LISTLIT investigates the cultural practice of lists and list making and its manifestations in narrative texts from antiquity until the twenty-first century. The simple form of the list has been remarkably constant for centuries: as a practical device, lists have been a prime instrument for classifying, organizing, and categorizing the world since the early high civilizations. Lists are tools of the mind: in visualizing human beings’ thinking, they are indicative of cognitive processes. In literary texts, list structures have been employed at least since antiquity. The manifold configurations of lists in literature and their enmeshment with the practical usage of lists in a given period take centre stage in this project. How are lists as a tool for thinking and organizing the world in everyday life and lists in literature intertwined? Embedded in narrative texts, lists challenge the received parameters of how narrative texts work. The study of lists in the trajectory of cognition, narration, and practical usage thus provides a risky and challenging alternative approach to narrative forms and functions, reader engagement, and the aesthetics of literature. Situated at the heart of the intersections between cognitive theory, cultural history, and literary history, LISTLIT significantly advances our understanding of how literature and list making as a cognitive tool and cultural practice are interrelated. By scrutinizing the practices of list writing in and beyond literary texts, LISTLIT establishes a ‘listology’, that is, the systematic and diachronic study of lists and listing structures in cultural productions.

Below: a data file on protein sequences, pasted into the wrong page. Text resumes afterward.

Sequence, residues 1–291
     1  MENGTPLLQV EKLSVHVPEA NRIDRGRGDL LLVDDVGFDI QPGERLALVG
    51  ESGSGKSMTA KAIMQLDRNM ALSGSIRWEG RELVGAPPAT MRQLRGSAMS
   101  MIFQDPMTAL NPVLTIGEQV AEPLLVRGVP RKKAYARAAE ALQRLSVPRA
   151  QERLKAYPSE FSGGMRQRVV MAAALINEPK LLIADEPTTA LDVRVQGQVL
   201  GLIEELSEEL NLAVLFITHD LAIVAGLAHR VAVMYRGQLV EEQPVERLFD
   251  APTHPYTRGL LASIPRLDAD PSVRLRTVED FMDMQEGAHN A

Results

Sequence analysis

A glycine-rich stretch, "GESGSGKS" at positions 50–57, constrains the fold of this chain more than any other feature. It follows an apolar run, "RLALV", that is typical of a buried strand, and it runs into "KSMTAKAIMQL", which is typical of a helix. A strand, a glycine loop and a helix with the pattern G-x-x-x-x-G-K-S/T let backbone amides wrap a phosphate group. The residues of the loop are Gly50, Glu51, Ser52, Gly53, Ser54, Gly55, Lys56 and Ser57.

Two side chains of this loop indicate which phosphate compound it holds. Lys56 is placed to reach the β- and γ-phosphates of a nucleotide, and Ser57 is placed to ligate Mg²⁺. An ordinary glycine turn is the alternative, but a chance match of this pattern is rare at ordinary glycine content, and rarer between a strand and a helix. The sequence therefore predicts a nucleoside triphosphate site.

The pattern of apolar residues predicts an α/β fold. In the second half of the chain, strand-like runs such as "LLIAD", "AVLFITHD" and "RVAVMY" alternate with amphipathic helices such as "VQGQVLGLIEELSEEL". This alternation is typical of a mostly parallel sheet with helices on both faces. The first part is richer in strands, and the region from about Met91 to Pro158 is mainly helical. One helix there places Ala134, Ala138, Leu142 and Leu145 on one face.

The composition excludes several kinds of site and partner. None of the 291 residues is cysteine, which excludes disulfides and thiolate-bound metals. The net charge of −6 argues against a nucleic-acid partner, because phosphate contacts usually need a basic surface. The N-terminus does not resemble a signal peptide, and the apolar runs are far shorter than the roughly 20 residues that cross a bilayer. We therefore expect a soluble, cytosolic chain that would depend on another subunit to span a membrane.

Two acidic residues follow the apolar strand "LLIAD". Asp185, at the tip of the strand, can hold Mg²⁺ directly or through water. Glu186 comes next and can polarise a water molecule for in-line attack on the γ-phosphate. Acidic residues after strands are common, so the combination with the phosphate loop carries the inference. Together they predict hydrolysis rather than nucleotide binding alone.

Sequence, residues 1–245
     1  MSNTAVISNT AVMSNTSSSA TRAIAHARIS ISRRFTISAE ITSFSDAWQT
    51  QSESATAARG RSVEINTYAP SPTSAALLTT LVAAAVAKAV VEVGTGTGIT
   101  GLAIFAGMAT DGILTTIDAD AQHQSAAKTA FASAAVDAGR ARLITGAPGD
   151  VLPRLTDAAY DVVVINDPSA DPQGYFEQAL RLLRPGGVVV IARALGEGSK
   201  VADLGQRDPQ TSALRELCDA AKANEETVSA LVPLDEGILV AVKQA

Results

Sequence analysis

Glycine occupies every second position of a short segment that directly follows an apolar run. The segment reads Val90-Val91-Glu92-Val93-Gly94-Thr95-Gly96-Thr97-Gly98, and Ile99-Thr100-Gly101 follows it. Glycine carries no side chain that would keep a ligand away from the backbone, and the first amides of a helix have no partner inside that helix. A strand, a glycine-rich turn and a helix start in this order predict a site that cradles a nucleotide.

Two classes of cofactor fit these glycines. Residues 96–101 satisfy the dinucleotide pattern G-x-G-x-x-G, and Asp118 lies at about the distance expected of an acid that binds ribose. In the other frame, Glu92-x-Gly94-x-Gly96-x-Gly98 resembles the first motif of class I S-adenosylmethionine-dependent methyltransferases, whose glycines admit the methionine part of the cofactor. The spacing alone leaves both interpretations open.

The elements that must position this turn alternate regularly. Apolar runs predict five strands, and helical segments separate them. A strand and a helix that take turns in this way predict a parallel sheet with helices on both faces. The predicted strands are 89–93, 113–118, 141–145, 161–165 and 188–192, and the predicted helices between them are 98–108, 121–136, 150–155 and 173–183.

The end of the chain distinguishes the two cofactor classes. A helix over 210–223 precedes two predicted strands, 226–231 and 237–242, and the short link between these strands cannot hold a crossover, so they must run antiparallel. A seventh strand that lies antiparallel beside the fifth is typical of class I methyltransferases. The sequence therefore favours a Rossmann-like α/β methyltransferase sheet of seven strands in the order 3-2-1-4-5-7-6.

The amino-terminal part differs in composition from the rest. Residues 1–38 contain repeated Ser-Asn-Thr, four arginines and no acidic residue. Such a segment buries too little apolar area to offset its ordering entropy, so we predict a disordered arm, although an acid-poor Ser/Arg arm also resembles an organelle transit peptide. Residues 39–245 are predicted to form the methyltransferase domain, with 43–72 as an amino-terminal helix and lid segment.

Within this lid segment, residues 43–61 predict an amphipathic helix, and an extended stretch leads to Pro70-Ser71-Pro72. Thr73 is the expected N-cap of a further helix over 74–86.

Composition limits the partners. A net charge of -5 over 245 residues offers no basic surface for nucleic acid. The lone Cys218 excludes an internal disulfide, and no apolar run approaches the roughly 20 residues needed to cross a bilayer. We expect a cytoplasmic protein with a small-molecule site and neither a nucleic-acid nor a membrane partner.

• Dr. Anne Rüggemeier
    Englische Literaturwissenschaft
    PostDoc | seit Oktober 2017
    "List-Making in Narratives of Illness and Disruption"

  • Dr. Roman Alexander Barton
    Englische Literaturwissenschaft
    PostDoc | seit Oktober 2018
    "Mimesis and Enumeration: List-Making between Figuralism and Experientiality in Early Modern British Literature"